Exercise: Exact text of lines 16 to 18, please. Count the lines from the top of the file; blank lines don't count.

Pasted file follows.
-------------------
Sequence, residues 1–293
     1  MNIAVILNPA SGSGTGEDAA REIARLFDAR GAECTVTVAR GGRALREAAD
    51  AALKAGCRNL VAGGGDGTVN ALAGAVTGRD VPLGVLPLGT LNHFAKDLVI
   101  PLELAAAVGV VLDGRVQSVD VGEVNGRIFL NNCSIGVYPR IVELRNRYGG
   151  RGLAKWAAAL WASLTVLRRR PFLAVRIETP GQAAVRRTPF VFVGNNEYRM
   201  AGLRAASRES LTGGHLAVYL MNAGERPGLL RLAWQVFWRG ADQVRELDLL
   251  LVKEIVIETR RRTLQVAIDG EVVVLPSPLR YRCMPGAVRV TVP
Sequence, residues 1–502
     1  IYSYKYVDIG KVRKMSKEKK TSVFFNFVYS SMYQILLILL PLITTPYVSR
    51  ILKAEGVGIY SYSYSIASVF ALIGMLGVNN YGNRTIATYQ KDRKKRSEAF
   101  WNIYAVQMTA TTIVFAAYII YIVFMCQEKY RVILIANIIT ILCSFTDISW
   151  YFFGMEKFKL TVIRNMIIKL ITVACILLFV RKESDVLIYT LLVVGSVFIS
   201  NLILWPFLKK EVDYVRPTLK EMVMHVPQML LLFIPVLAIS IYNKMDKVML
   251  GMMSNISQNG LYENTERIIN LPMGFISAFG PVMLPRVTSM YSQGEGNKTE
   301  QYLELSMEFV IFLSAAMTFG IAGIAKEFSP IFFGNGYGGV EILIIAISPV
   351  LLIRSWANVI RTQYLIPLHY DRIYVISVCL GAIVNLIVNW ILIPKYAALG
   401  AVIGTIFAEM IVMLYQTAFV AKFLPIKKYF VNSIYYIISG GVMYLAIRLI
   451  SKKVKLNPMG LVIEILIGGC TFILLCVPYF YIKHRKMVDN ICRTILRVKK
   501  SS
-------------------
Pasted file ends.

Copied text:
   351  LLIRSWANVI RTQYLIPLHY DRIYVISVCL GAIVNLIVNW ILIPKYAALG
   401  AVIGTIFAEM IVMLYQTAFV AKFLPIKKYF VNSIYYIISG GVMYLAIRLI
   451  SKKVKLNPMG LVIEILIGGC TFILLCVPYF YIKHRKMVDN ICRTILRVKK